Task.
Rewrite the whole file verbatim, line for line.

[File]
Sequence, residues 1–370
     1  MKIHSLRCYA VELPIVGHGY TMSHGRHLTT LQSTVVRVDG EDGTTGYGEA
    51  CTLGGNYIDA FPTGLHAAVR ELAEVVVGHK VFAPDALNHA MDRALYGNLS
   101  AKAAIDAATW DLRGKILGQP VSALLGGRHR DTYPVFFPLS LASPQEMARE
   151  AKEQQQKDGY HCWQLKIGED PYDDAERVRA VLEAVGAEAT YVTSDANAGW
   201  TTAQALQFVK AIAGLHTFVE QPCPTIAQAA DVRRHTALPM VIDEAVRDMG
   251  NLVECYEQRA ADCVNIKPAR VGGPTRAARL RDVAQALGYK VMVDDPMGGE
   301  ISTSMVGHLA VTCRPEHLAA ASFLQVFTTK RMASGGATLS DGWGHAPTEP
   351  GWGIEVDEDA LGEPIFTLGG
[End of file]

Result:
Sequence, residues 1–370
     1  MKIHSLRCYA VELPIVGHGY TMSHGRHLTT LQSTVVRVDG EDGTTGYGEA
    51  CTLGGNYIDA FPTGLHAAVR ELAEVVVGHK VFAPDALNHA MDRALYGNLS
   101  AKAAIDAATW DLRGKILGQP VSALLGGRHR DTYPVFFPLS LASPQEMARE
   151  AKEQQQKDGY HCWQLKIGED PYDDAERVRA VLEAVGAEAT YVTSDANAGW
   201  TTAQALQFVK AIAGLHTFVE QPCPTIAQAA DVRRHTALPM VIDEAVRDMG
   251  NLVECYEQRA ADCVNIKPAR VGGPTRAARL RDVAQALGYK VMVDDPMGGE
   301  ISTSMVGHLA VTCRPEHLAA ASFLQVFTTK RMASGGATLS DGWGHAPTEP
   351  GWGIEVDEDA LGEPIFTLGG